Nandigram simmers once again clash in which a CPM worker was killed. But it could get worse; TIMES NOW has an exclusive report on how bombs are being made and sent to the flashpoint areas in Nandigram.
The TIMES NOW team tracked the business of illegal bomb-making in South 24 Parganas, where two young boys were making crude bombs, working to tight deadlines.
The bomb-makers use a black material – a mixture of gun powder and sharp pieces of iron. This mixture is then mixed with glass broken into small pieces and then packed in paper. Holding it all together is a long wrapping of jute strings.
Finally, the end product emerges looking like a coconut, but containing a lethal mix meant for West Bengal‘s war zone -Nandigram.
"Our bombs are used by thieves and dacoits. But the bombs that we are now making are being sent to Nandigram. These bombs have been bought by some political leaders," said a bomb-maker.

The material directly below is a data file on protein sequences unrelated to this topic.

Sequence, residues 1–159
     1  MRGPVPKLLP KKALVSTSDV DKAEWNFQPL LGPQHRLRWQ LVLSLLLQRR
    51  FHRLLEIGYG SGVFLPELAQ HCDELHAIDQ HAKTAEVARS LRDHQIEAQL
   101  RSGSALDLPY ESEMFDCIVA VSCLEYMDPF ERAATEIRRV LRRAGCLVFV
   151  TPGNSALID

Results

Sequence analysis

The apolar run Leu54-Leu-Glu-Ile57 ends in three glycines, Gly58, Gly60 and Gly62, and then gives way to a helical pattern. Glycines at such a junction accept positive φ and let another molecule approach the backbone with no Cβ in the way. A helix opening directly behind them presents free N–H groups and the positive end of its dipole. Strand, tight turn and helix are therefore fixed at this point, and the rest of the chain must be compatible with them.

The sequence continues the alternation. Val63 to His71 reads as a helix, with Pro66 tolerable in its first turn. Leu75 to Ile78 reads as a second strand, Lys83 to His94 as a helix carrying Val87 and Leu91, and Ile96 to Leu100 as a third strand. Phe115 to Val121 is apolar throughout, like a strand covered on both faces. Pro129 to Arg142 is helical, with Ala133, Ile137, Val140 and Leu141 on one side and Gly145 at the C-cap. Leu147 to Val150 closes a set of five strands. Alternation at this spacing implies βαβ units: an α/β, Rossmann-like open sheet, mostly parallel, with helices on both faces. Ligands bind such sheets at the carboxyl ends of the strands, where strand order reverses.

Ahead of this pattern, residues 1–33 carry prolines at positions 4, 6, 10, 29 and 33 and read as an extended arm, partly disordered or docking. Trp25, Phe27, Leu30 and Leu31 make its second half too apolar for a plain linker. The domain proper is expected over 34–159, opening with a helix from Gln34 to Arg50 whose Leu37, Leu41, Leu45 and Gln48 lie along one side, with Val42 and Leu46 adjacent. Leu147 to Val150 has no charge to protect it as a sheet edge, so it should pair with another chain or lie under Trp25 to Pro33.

Though they are crude bombs, they are packaged well. The consignments are sent out in cartons with each bomb fetching the bomb-makers 250 rupees.
The flourishing trade in crude bombs possesses a big danger in Nandigram, a place that resembled a war zone a few months ago over the government’s land acquisition policy.
Even the police admits that it is concerned over the smuggling of crude bombs into Nandigram. "We are aware of this. We do random raids but we have to beef up the security checks,” said Raj Kanojia, Inspector General (Law & Order), West Bengal Police.
Crude bombs can pose huge risks as a bomb disposal squad found out last September when one of its members was killed trying to diffuse a bomb. And with crude bombs being sold like coconuts, the danger has only multiplied.